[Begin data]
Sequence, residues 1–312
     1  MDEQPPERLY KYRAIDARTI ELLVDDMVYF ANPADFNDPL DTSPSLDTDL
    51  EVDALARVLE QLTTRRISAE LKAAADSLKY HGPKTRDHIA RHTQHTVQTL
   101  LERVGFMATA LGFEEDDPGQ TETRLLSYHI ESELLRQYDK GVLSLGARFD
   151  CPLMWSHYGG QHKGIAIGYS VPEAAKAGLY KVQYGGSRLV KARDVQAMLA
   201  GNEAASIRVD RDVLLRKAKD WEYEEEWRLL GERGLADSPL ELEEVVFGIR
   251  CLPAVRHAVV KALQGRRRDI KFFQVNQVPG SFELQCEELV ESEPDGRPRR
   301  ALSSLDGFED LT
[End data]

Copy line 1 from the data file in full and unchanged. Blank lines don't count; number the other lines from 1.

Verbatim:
Sequence, residues 1–312